Because the agency is approving the color additive only for limited applications, new § 73.2995(c) provides clear identification of the approved uses. The agency is limiting the approved uses of luminescent zinc sulfide to specific cosmetic product categories listed in § 720.4(c) (21 CFR 720.4). These product categories were proposed by the cosmetics industry in a petition to the agency to establish an FDA-administered Voluntary Cosmetic Registration Program (VCRP). FDA adopted these product categories in 1972 with the establishment of the VCRP (37 FR 7151, April 11, 1972). The agency has determined that referencing the relevant product categories in § 720.4(c) more clearly identifies the products in which use of luminescent zinc sulfide has been approved. Section 720.4(c) includes a category for nail polish (§ 720.4(c)(8)(v), Nail polish and enamel). Although § 720.4(c) does not include a specific category for facial makeup preparations for the specialty use that was proposed in the petition, it includes a category, other makeup preparations (§ 720.4(c)(7)(ix)), which includes this use. Referencing this cosmetic product category in the regulation effectively restricts it from being used in all other categories listed under § 720.4(c)(7), for which use of the color additive was not approved. The agency finds that references to the cosmetic product categories for the approved uses, together with the specific limitations in new § 73.2995(c)(1) and (c)(2) on the use of luminescent zinc sulfide in facial makeup preparations, will effectively define the uses that the agency has reviewed and determined to be safe.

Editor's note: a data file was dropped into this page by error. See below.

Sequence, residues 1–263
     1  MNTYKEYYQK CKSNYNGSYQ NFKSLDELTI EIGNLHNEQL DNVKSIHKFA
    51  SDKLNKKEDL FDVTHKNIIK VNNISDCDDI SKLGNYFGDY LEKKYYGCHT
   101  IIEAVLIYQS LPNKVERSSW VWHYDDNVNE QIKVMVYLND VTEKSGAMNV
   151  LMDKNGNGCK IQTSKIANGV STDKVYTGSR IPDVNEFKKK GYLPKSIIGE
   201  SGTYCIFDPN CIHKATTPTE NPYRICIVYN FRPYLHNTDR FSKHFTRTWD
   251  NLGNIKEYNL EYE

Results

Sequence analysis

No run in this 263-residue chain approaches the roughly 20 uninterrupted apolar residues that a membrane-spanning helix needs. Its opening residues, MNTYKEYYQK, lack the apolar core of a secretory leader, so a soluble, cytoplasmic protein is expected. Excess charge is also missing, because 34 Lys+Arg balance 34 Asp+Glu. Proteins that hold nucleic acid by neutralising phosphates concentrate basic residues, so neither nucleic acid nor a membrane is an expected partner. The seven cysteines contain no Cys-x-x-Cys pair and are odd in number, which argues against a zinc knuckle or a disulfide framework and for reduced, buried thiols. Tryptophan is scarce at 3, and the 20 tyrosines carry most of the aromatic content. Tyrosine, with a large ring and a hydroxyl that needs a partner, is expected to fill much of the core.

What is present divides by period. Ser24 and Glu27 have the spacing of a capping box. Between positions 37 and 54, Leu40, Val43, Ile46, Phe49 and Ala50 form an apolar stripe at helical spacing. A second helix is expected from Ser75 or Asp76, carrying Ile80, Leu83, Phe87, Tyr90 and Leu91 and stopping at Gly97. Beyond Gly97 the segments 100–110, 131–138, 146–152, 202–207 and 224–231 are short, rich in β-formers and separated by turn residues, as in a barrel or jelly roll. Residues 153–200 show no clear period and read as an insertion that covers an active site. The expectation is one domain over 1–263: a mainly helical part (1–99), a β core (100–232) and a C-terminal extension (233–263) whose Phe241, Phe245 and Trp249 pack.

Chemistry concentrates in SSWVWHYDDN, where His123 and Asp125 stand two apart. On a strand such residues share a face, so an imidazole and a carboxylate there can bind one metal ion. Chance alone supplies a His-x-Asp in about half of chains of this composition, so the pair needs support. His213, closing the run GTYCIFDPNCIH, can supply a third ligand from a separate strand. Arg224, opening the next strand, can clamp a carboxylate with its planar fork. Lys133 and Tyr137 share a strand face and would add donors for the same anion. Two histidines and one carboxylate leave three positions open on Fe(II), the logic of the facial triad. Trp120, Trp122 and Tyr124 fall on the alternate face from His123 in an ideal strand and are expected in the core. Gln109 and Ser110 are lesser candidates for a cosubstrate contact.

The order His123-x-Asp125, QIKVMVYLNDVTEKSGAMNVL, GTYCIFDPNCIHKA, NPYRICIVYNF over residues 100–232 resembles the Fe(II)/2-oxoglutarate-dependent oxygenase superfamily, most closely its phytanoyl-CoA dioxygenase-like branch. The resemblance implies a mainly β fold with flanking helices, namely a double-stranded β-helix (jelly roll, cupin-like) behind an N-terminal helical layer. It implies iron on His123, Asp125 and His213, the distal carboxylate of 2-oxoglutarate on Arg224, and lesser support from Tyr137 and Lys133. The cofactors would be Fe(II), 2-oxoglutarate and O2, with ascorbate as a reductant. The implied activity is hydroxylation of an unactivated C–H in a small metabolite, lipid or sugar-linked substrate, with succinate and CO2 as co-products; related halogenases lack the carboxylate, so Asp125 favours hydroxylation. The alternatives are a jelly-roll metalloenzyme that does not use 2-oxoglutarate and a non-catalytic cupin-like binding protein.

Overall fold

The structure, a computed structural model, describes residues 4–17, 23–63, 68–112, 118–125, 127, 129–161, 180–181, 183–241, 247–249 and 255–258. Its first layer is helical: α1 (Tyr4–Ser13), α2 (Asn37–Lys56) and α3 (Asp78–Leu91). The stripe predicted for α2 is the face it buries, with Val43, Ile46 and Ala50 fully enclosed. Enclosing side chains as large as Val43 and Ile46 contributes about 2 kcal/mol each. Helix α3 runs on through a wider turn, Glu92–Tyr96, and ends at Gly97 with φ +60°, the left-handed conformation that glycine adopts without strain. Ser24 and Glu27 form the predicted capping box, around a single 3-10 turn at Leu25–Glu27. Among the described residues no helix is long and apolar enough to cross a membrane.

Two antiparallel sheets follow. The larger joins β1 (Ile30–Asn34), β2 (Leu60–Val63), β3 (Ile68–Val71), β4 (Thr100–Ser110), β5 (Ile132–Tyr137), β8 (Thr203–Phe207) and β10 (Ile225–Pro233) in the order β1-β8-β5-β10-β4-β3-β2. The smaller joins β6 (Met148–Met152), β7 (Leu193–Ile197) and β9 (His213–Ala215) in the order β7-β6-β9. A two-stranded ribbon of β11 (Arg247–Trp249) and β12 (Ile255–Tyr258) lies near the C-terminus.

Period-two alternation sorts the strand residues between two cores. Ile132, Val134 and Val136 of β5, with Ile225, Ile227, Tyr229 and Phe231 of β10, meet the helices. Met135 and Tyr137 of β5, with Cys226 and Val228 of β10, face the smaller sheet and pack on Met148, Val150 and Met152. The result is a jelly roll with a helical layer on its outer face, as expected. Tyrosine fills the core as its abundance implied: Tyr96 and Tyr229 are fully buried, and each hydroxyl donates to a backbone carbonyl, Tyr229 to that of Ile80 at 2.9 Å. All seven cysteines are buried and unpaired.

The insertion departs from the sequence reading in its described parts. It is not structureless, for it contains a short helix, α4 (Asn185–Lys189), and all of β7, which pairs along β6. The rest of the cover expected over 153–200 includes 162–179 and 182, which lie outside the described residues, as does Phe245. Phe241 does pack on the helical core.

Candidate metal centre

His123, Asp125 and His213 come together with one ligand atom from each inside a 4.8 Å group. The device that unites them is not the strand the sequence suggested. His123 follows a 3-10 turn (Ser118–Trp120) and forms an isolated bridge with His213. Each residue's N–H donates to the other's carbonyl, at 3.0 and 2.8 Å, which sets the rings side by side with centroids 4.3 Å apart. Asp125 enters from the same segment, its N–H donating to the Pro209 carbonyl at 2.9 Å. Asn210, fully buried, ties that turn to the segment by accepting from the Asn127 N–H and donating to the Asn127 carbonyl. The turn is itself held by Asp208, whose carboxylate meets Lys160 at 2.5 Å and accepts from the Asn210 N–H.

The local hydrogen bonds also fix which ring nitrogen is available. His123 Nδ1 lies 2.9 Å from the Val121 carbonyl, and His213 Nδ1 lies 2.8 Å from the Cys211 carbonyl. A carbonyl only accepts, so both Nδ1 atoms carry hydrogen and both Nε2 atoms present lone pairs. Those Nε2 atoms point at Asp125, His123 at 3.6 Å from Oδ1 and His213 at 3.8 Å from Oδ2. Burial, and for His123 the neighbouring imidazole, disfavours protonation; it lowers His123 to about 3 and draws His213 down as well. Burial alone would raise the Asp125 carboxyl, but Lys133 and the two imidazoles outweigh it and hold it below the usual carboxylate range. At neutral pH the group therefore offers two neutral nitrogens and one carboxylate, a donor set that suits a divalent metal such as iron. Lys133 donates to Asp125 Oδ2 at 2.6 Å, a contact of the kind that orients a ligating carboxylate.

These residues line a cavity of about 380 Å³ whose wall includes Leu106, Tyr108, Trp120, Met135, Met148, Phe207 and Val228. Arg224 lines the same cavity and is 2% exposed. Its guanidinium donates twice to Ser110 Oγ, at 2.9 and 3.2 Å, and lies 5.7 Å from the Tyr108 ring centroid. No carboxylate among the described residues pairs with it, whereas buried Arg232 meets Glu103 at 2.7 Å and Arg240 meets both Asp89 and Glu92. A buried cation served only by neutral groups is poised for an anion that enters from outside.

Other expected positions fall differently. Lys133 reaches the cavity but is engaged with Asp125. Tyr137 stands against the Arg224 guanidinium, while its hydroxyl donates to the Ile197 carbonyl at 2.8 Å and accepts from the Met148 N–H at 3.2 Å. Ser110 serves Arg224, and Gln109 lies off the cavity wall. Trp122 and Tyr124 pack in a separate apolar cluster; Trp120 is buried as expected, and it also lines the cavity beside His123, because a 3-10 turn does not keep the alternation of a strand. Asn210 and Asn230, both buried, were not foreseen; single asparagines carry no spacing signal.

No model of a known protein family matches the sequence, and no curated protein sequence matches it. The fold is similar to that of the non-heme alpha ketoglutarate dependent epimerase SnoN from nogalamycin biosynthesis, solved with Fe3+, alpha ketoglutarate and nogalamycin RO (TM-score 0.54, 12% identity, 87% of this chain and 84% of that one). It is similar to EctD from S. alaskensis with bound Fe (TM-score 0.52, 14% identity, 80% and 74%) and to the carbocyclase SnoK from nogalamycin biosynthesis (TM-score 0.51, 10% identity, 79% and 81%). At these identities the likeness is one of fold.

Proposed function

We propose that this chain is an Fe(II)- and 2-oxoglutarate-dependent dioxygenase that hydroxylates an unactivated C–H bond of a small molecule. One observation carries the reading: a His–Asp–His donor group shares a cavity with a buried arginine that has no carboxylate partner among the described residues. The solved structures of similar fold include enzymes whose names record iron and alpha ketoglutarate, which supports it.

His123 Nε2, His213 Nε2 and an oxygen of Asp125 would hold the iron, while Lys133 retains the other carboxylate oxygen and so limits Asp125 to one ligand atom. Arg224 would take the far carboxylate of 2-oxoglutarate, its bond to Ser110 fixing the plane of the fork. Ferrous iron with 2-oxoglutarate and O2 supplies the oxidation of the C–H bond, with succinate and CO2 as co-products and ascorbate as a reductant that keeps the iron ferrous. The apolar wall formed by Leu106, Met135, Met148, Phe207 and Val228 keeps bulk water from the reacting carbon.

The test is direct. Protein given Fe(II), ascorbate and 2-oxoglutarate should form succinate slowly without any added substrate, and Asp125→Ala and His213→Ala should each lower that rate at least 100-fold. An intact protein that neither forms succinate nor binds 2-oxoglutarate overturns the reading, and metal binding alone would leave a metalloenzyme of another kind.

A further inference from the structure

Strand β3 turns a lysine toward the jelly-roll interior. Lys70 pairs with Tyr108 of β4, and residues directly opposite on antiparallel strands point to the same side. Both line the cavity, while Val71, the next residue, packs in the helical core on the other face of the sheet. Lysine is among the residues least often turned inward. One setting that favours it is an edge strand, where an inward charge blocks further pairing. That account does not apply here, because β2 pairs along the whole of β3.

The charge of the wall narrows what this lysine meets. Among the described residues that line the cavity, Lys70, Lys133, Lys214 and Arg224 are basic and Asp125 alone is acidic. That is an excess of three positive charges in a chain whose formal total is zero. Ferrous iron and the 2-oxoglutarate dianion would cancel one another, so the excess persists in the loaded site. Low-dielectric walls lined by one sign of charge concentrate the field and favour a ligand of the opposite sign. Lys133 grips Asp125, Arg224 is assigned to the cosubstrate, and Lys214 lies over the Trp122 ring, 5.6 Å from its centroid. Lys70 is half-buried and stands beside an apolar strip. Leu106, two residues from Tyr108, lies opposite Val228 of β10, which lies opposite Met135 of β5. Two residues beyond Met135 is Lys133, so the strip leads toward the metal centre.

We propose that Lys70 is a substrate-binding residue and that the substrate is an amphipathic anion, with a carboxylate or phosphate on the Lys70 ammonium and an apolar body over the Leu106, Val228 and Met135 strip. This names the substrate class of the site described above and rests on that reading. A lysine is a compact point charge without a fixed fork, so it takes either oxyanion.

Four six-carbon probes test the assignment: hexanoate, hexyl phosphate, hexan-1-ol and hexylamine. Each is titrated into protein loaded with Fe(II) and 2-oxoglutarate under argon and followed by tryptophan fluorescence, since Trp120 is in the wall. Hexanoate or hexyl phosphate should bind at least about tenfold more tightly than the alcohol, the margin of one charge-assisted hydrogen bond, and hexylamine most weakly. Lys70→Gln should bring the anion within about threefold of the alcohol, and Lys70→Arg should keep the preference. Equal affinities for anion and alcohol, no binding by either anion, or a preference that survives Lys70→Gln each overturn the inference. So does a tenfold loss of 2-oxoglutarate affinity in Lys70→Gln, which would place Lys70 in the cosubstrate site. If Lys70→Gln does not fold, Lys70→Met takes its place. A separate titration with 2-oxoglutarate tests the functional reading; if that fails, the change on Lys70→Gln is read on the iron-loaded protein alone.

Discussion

The petition does not request use of luminescent zinc sulfide in the area of the eye, and therefore, contains no data to support the use of luminescent zinc sulfide applied to the area of the eye. Therefore, the agency is not including eye area use of luminescent zinc sulfide in new § 73.2995. However, because the probable use of facial makeup preparations would include use on children's faces at Halloween, the agency is concerned about the potential for the inappropriate use of these preparations in the area of the eye. Therefore, new § 73.2995(d)(2) requires the following statement on the product label: “Do not use in the area of the eye.”
Based on the data in the petition and other relevant material, FDA concludes that the proposed use of luminescent zinc sulfide as a color additive in nail polishes and specialized facial makeup preparations is safe, the additive will achieve its intended technical effect, and therefore, part 73 should be amended as set forth below. In addition, based upon the factors listed in 21 CFR 71.20(b), the agency concludes that certification of luminescent zinc sulfide is not necessary for the protection of the public health.
V. Inspection of Documents
In accordance with § 71.15 (21 CFR 71.15), the petition and the documents that FDA considered and relied upon in reaching its decision to approve the petition are available for inspection at the Center for Food Safety and Applied Nutrition (address above) by appointment with the information contact person listed above. As provided in § 71.15, the agency will delete from the documents any materials that are not available for public disclosure before making the documents available for inspection.
VI. Environmental Impact
The agency has previously considered the environmental effects of this rule as announced in the notice of filing for CAP 7C0251 (62 FR 52136, October 6, 1997). No new information or comments have been received that would affect the agency's previous determination that there is no significant impact on the human environment and that an environmental impact statement is not required. Start Printed Page 48377
VII. Paperwork Reduction Act of 1995
This final rule contains no collections of information. Therefore, clearance by the Office of Management and Budget under the Paperwork Reduction Act of 1995 is not required.